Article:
2. Move more. Not willing or unable to eat less? That is 100% okay as long as you start moving more. Burn those 3,500 calories weekly by exercising or simply moving more at work and in your day-to-day activities.

  3. Do them both! Unsurprisingly, eating less and moving more is going to get you to that calorie deficit fastest. Eat 250 fewer calories and burn 250 calories by walking every day, and you’ll be at your 500 calories.

Caution is needed if you’re eating too few calories and continuing to burn a bunch as well. I’m not going to go into this gray area, but highly recommend you reading Fit Folk’s post on this topic here. I want to lose weight, but I want to do it in the healthiest way possible — and I hope that is your wish for yourself too.

In the end, my main message is this: you don’t need a sparkly, overly-marketed diet plan to slim down. All you need is to create a calorie deficit in order to effectively lose weight. You don’t have to be a calorie tracker to do this, simply eat smaller meals and start moving more.

We’re looking to form better lifestyles to stick to long term, right? In the end, the calorie deficit mindset is the simple recipe for success, friends.

What “80/20 Clean Eating” Means to Me

Moving forward in my health journey requires having a game plan. I’ve been steadily increasing my movement since the beginning of the year, but my eating habits are lacking in discipline. I may eat super healthy one week, but completely fall off the wagon the next. My issue is deprivation: I do not handle strict diets well. If I tell myself I can’t have some food item at all, then it is all I crave until I get my hands on it. Poor mentality, I know, but it is something I continue to work on and struggle with currently.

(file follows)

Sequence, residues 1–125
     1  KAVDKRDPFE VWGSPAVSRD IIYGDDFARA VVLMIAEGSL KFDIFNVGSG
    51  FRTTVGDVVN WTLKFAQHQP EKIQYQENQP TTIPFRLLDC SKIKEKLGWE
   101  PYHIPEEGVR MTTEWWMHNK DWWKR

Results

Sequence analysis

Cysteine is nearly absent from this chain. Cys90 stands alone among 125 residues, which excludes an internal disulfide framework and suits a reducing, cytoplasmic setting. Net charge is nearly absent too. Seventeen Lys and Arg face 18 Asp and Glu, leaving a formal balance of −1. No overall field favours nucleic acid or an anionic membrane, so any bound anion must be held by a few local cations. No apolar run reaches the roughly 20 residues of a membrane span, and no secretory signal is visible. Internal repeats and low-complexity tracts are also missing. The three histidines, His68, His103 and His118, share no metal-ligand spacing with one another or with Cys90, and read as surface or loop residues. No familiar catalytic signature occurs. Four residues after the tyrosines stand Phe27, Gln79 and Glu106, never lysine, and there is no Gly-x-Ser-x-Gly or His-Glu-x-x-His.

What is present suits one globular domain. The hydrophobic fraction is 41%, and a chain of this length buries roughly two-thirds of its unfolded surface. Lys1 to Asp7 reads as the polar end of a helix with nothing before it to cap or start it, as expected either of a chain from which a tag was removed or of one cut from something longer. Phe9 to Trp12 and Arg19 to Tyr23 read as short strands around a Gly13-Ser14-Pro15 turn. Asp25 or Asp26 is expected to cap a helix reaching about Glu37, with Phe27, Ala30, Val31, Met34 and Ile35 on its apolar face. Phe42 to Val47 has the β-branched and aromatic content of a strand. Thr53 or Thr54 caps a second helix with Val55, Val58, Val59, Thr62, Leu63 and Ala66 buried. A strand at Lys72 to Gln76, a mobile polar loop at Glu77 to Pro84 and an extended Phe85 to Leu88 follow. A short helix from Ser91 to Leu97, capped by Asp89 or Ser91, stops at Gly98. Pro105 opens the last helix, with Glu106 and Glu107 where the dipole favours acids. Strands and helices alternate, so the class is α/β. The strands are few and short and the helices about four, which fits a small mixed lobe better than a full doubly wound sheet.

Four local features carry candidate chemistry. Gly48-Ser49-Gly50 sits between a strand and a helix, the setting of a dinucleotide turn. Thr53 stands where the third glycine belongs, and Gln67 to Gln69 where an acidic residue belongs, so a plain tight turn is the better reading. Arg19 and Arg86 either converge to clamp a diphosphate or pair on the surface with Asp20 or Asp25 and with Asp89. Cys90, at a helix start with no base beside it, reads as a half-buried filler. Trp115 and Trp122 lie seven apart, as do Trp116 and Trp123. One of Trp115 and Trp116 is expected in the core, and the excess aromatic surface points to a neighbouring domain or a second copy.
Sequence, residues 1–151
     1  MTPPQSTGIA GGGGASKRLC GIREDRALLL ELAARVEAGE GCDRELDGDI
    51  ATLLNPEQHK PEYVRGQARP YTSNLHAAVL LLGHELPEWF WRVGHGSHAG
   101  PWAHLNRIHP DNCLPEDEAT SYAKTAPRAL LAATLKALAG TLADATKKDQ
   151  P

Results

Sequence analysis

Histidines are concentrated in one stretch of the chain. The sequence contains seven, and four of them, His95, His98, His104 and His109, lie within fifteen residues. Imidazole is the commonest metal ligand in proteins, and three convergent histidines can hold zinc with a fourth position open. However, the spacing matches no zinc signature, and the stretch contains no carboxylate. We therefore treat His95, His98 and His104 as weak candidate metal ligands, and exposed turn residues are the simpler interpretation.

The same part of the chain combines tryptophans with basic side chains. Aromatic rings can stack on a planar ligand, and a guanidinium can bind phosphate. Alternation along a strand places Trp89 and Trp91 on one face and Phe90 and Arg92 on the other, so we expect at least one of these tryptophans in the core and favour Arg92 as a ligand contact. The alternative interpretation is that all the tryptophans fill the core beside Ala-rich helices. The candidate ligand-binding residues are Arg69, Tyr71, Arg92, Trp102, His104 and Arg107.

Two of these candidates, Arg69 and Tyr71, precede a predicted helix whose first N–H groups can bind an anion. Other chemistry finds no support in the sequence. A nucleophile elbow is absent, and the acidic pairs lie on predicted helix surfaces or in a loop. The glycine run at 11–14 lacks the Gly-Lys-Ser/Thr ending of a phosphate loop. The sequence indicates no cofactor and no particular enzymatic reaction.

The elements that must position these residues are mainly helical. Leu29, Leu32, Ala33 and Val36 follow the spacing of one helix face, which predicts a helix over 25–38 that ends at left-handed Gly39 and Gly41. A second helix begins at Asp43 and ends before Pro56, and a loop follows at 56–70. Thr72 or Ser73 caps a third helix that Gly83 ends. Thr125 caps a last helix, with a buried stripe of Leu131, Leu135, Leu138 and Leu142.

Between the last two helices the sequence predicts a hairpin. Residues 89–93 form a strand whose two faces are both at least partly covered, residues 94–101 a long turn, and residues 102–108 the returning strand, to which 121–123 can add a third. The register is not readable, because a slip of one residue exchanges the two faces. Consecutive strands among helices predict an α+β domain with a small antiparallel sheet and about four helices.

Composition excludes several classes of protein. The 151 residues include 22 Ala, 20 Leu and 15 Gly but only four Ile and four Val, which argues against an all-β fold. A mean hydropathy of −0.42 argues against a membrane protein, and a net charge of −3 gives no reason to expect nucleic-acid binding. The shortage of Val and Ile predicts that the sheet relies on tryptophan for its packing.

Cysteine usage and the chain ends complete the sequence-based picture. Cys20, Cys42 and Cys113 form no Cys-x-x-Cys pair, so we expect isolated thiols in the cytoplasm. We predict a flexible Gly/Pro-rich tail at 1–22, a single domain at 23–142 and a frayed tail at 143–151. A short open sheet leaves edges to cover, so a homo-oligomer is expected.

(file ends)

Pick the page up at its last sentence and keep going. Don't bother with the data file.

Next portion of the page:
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My First Virtual 5k

The COVID-19 virus has had an impact on everyone and everything it seems. We’re reminded how uncertain and fragile life can be, yet at the same time each day is a gift. I am continuing to look at my ability to run as another gift in life. Running exercises not only my body, but also my brain.

I completed my first virtual 5k on Sunday. It was a mental battle, but I completed it.

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Back to Basics from a Once-Upon-A-Time Runner

It happens to many runners: you start running, you push your body faster, you go farther, you dream about PRs and distance goals, you watch your intake meticulously, and suddenly you see possibilities you never had the courage to dream before. Then BOOM! Something stops you in your tracks. Perhaps you get hurt. Or you get busy. Or you burn out. And as quickly as you gained mileage, fitness, and confidence, it all disappears.

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It’s Official! I’m Registered For the Michigan 13.Wine Half Marathon

I’ve been saying it since the beginning of 2020: I’m going to register for the Michigan 13.Wine Half Marathon happening Sunday, August 16th. This was my very first half marathon I trained for and ran in 2013, so registering again has special significance to me. It was a milestone of pride in the past, and I held high hopes it could be another in my future. A goal to aim towards in terms of my physical abilities. A savior for my lowered self-esteem.